By now, you’ve probably been told the typical truths of living with hearing loss – it can be intrusive, awkward, and distracting for those diagnosed with the condition and their loved ones. However, it’s important to note that not all of these insights are negative, and not all are easy to spot straightaway. As such, we’ve compiled a list of three realisations our fan experts have called to our attention on our Facebook page.
Many events and venues are equipped with hearing assistance
Hearing loss doesn’t have to feel prohibiting – a little bit of research into your favourite activities and you’ll likely find that many of their locations or installations offer some kind of built-in hearing assistance. Whether it’s stadiums with hearing loops, museums with specialised tours, or cinemas with closed caption technology, many places you wouldn’t necessarily expect will go out of their way to accommodate the overwhelmingly common condition. Even music artists have started amping up their involvement, as we discussed last week here.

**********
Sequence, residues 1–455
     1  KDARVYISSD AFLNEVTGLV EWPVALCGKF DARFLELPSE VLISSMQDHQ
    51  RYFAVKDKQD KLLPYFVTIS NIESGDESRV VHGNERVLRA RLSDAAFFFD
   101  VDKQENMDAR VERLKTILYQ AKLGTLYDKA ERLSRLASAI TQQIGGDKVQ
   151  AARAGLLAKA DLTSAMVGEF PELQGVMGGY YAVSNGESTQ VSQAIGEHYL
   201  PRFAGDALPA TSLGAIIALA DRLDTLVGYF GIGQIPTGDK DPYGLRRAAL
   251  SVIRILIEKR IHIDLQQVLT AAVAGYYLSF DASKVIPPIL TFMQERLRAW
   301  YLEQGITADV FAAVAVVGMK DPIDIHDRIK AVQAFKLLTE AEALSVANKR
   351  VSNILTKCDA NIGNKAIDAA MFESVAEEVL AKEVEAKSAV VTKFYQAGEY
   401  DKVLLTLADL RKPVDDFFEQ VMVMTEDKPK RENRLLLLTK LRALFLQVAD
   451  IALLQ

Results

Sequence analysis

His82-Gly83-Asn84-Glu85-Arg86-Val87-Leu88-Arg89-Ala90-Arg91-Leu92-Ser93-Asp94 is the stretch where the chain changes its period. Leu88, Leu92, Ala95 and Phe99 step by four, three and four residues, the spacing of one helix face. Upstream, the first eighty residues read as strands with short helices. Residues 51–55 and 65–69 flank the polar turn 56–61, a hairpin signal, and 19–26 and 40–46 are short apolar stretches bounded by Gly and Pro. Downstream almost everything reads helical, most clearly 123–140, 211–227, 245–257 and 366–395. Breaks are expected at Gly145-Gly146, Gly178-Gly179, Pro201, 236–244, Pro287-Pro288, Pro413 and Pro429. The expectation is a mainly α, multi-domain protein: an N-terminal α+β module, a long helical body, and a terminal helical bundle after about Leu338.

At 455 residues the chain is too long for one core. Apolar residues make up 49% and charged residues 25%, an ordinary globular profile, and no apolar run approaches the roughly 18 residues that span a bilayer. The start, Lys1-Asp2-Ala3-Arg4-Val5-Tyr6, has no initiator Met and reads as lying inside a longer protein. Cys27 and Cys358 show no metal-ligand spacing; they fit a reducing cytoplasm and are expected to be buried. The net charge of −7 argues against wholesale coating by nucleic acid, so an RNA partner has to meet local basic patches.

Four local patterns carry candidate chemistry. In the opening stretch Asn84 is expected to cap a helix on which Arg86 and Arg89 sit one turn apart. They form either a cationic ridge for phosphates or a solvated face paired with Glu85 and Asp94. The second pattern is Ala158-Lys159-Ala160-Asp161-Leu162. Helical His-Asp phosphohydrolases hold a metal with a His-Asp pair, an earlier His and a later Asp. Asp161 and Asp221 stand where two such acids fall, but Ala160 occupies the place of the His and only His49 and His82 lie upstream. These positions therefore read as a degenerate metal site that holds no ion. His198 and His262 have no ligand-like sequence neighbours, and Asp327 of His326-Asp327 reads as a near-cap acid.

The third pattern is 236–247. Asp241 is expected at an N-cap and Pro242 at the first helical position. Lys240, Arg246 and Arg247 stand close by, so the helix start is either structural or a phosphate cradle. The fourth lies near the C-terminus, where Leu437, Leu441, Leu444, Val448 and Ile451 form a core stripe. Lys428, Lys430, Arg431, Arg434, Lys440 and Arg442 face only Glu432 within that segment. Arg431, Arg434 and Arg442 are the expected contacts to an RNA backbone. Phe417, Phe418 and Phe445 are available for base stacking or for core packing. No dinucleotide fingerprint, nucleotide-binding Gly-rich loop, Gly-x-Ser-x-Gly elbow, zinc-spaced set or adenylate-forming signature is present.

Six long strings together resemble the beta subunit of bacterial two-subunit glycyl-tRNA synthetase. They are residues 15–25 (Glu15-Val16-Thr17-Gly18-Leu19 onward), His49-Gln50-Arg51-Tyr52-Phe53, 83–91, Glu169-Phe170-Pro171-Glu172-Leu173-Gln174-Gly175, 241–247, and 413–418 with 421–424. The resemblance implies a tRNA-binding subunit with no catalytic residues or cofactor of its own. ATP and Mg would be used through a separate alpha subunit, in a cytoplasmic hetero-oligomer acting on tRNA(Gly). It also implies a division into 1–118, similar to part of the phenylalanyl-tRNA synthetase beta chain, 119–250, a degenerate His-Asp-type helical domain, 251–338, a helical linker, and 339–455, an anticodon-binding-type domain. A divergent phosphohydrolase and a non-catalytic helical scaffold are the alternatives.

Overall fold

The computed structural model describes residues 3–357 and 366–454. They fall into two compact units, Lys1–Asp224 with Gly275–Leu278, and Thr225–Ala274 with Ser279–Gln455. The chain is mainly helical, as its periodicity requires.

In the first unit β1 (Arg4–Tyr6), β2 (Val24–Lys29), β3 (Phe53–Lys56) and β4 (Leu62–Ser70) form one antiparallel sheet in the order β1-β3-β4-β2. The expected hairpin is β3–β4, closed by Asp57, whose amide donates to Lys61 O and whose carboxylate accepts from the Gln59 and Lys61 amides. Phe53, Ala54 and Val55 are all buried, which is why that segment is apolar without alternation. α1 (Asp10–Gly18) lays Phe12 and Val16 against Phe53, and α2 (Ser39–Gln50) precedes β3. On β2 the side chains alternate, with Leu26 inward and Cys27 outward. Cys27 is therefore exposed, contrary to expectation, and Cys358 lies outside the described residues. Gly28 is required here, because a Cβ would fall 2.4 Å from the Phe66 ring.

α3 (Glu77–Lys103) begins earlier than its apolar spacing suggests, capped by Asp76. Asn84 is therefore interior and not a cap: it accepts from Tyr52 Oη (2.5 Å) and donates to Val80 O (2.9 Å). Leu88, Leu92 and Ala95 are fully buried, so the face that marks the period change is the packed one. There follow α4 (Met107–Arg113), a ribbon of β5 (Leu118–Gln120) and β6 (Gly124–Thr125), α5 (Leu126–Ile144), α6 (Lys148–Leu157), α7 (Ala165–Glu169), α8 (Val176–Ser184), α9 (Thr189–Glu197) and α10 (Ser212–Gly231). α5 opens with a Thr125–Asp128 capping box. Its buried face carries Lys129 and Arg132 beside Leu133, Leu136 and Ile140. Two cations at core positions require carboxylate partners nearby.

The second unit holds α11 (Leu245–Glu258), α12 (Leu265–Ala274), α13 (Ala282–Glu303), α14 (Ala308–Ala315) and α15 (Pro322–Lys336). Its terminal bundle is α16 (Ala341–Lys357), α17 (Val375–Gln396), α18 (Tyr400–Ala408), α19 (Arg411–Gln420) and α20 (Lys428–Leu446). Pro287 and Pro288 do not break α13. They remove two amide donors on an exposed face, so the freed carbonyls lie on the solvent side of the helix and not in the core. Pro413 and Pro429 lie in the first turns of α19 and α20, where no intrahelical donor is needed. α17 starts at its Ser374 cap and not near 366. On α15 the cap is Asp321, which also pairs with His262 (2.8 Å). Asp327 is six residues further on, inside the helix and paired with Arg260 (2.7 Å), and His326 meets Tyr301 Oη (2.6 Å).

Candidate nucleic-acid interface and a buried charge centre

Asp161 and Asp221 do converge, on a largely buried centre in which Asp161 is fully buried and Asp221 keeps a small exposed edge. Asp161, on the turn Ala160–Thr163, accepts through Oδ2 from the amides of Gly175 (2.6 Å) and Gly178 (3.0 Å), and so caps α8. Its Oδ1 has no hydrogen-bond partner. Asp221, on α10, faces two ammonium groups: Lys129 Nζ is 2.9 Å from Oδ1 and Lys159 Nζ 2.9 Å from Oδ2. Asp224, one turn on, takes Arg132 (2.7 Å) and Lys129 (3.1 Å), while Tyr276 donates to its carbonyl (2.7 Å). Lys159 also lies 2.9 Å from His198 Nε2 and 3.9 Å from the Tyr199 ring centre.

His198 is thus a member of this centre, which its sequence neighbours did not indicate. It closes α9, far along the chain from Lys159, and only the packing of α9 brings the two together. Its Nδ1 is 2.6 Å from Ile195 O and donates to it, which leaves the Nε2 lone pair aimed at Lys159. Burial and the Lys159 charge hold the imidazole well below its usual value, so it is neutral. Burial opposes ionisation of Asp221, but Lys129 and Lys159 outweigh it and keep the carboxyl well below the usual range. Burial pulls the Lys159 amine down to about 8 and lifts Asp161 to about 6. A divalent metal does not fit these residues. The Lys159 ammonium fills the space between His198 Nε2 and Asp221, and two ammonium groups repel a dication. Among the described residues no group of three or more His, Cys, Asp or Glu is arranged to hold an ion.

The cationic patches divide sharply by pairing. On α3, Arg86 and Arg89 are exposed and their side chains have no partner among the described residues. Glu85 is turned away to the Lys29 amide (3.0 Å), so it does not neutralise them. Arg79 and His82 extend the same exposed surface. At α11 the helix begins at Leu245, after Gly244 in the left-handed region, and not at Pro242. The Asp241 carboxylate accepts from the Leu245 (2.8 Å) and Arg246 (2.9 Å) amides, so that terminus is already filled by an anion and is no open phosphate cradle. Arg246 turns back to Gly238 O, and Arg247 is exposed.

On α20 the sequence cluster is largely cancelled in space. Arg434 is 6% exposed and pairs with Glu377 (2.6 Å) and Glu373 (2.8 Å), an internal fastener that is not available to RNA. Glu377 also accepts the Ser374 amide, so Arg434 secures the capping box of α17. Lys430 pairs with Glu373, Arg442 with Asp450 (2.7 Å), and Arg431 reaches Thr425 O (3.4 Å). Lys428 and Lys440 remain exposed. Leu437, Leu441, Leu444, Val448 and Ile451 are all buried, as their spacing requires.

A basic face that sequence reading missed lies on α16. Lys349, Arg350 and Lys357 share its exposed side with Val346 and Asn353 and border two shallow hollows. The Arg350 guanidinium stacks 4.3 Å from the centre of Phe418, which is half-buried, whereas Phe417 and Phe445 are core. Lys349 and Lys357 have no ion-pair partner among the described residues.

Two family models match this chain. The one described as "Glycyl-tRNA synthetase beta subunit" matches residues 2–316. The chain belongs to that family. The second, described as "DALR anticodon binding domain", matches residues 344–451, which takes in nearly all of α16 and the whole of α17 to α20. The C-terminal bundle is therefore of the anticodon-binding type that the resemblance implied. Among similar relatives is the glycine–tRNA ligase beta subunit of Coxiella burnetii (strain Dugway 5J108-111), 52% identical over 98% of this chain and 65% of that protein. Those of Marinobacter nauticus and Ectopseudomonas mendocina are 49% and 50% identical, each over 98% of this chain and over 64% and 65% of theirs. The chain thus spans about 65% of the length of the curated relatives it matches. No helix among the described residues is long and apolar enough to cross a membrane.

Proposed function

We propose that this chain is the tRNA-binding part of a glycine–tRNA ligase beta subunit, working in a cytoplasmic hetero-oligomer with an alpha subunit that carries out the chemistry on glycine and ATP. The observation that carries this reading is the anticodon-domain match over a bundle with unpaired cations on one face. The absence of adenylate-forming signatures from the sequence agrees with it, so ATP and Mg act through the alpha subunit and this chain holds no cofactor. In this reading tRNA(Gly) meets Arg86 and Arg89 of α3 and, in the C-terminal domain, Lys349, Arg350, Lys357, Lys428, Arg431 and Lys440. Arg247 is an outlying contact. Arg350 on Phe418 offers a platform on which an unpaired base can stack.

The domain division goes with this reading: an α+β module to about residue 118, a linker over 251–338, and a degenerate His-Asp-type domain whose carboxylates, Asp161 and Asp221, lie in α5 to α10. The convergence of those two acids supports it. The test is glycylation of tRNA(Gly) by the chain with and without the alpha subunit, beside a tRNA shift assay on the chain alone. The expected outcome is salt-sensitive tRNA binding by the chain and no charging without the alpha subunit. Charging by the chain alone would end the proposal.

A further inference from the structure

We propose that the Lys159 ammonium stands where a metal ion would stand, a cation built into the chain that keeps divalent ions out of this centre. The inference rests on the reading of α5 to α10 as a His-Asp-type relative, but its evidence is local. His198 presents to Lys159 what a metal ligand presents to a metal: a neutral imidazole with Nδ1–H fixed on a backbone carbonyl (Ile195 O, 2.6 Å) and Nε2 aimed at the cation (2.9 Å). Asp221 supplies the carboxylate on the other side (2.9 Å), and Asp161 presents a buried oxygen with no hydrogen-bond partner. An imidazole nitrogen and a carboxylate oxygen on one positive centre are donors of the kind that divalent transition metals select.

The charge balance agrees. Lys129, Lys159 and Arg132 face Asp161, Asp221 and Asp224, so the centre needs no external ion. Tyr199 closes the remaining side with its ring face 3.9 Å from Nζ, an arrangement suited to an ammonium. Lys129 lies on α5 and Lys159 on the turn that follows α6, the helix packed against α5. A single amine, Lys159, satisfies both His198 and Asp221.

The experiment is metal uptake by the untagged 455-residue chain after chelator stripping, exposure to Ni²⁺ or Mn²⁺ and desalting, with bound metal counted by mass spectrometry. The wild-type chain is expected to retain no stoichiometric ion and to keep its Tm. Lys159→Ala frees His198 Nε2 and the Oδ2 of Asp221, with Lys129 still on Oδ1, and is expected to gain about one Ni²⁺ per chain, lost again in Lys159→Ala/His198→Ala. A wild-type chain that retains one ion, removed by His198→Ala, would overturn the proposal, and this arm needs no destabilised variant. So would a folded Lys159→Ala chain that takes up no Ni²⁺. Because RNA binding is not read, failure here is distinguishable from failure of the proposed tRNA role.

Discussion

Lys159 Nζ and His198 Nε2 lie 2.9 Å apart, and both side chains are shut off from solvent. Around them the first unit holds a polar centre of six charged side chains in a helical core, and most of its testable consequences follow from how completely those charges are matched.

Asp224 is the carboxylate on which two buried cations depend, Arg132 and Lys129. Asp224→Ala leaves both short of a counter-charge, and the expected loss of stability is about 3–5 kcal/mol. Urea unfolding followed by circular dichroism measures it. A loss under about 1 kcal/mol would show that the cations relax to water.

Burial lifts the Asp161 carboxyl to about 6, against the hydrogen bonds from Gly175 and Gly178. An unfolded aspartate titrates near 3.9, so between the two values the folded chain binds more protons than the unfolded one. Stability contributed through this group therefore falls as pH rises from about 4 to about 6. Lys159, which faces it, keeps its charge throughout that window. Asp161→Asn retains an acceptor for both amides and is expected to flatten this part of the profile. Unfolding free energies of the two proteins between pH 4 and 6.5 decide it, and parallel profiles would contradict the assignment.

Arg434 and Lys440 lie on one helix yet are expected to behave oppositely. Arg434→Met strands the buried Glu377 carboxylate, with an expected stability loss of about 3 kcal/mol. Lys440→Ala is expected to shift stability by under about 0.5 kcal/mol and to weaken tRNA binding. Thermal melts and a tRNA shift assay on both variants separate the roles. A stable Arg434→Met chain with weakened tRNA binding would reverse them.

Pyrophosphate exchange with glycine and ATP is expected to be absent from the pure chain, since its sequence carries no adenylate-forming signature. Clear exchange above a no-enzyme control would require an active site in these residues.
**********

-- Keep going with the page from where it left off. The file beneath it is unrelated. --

People often assume these hearing technologies ‘fix the issue’
In a world where lasers fix vision and casts fix limbs and apps fix just about everything else, it can be incredibly frustrating to have a condition without a definitive solution. While hearings aids and modern hearing technologies have made it much more livable, the reality is, hearing loss is a complex, case-by-case condition that needs to be treated as such. Oftentimes, those who don’t have experience with it personally aren’t aware of the fact that, just because someone has been fitted for hearing aids, it doesn’t necessarily mean they won’t still have to ask you to repeat yourself, turn the TV a little louder, or be generally conscious of their condition. It’s best to explain this up front to avoid awkwardness or frustration later.
Not all hearing aids are the same
Just as there’s no blanket solution to hearing loss, there’s no blanket prescription for hearing assistance. From behind-the-ear (BTE), to invisible-in-the-canal (IIC), to completely-in-canal (CIC), etc., styles and functionality can differ quite a bit. It’s important to understand each one’s intricacies before selecting a style that would be right for you. To be safe, find an audiologist’s you trust, but be prepared to ask the important questions and arm yourself with a bit of research before getting fitted.